April 1, 2016
In its most elemental form, executive pay consists of “fixed” elements—base salary and time-vesting equity–and “variable” or “at risk” elements—annual incentive and long-term incentive plan (LTIP) awards. Salary provides stable and direct compensation, while most incentive awards are at risk in that they depend on some measure of company performance. Increased transparency in the wake of Dodd-Frank has cast a light on these performance awards, especially for companies mindful of proxy advisor guidelines and shareholder engagement concerning their Say on Pay votes.
Long-term incentive awards constitute the lion’s share of executive compensation. Companies design performance awards specifically to encourage and reward strategic success and return to shareholders, while aligning executive and shareholder interests by boosting executive equity ownership.
In a study of LTIP performance awards and resulting payouts for S&P 500 CEOs over the last four fiscal years, Equilar examined 208, 260, 330 and 332 awards from 2011, 2012, 2013 and 2014 respectively, and discovered that payouts often miss the mark, coming in either above or below target.
After a slight lift in 2012, the number of awards meeting target payout nearly halved, falling from 27.3% in 2012 to 13.3% in 2014. Despite an improving market in 2012 and 2013, below-target award payouts rose dramatically from 29.2% to 42.1%, ultimately reaching 44.6% in 2014. This shift may point to increased award complexity and design, ambitious board compensation committees or executives experiencing difficulty controlling performance outcomes. Meanwhile, the percentage of award payouts above target fluctuated slightly, declining from a high in 2011 at 45.7%, to a low in 2013 at 38.5%, rebounding to 42.2% in 2014.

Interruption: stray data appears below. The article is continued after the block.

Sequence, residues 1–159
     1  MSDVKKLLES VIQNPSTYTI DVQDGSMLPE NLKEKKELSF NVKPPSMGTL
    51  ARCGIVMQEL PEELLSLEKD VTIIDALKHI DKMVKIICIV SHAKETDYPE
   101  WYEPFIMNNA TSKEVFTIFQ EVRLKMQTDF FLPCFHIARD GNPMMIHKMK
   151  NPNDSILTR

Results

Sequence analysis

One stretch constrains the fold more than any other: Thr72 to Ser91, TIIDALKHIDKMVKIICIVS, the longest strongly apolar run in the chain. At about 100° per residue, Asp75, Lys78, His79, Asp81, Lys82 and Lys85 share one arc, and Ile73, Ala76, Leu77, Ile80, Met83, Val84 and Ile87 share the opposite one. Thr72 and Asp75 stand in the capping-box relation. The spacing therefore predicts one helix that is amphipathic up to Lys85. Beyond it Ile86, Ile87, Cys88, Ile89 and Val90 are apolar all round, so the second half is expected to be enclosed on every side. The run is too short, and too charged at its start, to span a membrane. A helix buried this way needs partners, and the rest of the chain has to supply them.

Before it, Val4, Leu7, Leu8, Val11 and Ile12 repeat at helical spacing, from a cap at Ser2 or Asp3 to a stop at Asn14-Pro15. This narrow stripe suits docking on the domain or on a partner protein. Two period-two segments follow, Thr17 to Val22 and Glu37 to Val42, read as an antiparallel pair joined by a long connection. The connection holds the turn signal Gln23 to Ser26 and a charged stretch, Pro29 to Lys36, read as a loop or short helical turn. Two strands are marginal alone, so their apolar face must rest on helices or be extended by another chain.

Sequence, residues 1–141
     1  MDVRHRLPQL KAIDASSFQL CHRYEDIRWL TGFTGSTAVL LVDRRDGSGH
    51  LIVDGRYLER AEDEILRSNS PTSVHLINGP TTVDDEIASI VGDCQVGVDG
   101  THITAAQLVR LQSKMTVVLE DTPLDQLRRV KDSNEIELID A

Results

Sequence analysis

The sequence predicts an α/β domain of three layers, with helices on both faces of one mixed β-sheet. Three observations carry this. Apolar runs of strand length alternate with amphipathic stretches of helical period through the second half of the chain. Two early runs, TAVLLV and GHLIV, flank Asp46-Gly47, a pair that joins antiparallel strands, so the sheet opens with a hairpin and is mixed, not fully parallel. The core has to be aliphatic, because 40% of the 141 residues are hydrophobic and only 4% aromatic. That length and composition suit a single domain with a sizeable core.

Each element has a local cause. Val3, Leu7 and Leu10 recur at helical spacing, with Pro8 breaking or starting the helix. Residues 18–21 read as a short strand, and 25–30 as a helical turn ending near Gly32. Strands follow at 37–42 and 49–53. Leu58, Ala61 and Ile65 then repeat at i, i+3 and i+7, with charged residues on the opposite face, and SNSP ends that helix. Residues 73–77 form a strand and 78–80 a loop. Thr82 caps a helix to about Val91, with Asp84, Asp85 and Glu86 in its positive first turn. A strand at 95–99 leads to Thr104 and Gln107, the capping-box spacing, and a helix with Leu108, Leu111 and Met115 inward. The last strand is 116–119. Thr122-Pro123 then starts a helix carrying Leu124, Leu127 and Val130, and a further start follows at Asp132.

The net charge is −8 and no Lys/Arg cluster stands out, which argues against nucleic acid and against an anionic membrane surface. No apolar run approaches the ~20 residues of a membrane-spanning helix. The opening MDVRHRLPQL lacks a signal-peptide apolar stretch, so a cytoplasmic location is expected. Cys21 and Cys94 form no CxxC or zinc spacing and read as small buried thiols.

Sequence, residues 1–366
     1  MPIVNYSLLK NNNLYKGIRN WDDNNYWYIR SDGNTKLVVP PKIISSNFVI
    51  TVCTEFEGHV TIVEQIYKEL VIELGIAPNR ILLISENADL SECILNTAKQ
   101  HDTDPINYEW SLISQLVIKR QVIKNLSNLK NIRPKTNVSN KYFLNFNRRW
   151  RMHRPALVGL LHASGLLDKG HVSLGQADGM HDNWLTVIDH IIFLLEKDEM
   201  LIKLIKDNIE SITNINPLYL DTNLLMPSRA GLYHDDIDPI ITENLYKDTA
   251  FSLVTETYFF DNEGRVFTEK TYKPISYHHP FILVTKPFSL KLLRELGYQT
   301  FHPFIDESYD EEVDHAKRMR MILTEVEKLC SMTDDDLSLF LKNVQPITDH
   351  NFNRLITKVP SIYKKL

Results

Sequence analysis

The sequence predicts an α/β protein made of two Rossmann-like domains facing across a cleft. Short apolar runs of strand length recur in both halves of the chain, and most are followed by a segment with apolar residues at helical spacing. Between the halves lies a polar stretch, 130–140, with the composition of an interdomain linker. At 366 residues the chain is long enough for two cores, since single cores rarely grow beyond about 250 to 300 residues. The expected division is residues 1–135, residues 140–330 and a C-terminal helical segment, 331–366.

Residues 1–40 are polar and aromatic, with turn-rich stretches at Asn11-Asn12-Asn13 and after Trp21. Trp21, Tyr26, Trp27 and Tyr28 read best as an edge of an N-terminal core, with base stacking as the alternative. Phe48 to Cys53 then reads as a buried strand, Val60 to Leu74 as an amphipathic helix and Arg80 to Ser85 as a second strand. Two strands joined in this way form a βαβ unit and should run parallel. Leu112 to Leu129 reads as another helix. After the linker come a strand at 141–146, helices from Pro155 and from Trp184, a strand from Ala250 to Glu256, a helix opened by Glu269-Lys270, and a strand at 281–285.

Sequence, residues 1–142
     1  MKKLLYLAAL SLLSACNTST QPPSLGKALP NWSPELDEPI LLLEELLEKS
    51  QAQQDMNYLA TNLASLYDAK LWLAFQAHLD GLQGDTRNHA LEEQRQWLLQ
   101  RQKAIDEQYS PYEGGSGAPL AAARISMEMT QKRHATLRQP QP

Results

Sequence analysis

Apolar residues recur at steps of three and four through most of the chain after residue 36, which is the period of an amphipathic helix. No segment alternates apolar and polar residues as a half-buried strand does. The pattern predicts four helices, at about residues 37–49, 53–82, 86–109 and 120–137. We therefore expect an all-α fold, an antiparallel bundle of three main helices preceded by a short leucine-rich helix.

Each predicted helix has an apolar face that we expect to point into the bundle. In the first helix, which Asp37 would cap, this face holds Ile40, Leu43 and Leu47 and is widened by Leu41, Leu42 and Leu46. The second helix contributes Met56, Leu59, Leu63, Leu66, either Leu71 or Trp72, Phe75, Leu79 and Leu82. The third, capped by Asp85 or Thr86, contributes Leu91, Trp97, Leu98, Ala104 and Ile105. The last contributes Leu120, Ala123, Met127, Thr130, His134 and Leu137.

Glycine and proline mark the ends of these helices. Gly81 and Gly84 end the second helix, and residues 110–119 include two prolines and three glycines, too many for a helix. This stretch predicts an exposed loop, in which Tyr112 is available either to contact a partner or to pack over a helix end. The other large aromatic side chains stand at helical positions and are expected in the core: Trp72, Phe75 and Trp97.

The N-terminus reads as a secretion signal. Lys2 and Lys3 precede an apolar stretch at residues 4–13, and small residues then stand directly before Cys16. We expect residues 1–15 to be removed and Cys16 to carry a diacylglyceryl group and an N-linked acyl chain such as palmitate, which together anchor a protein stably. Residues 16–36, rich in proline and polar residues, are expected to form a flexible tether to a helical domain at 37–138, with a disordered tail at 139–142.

Looking at the total number of awards in the study, 20.3% came in at target across the four years, which was the most common occurrence. However, where awards fell above and below target varied greatly. When exceeding target, 15.5% of all awards had a payout of 101% to 133%, while the most common payout range below target was 1% to 33%. Of all the awards in the study, 2.5% met no payout at all, while 5.9% reached 200% payout, and 1.3% dramatically exceeded their target, paying out over 200%. The highest payout in the study was 300% of target.
Given the resultant variation in payout, missing target performance begs the question of how companies set these performance goals. Pay for performance means setting and compensating for challenging but reasonable goals, and the distribution of payouts illustrates a spectrum where targets represent the midpoint between extremes, rather than hard and fast requirements. Shrewd executive compensation programs play a pivotal role retaining and motivating executives to meet their company’s strategic objectives and return value to shareholders, challenging board compensation committees to craft rigorous plans capable of withstanding scrutiny and volatility in the marketplace.
For more information on how companies develop targets for their executive incentive plans, stay tuned for Equilar’s upcoming report featuring commentary from E*TRADE Corporate Services, set for release April 6.
Equilar’s Insight tools provide compensation and governance professionals access to compensation, incentive and equity plan, and pay-for-performance data and models Beyond the proxy statement’s Plan-Based Award Table incentive plan data that is available in Equilar Insight, we have compiled the most comprehensive and sophisticated data set on incentive plans with 78 data points covering performance-based Annual Incentive Plans and Long Term Incentive Plans. Learn more.
For more information on Equilar’s research and data analysis, please contact Dan Marcec, Director of Content & Marketing Communications at email@example.com. Ryan Villard, research analyst, authored this post.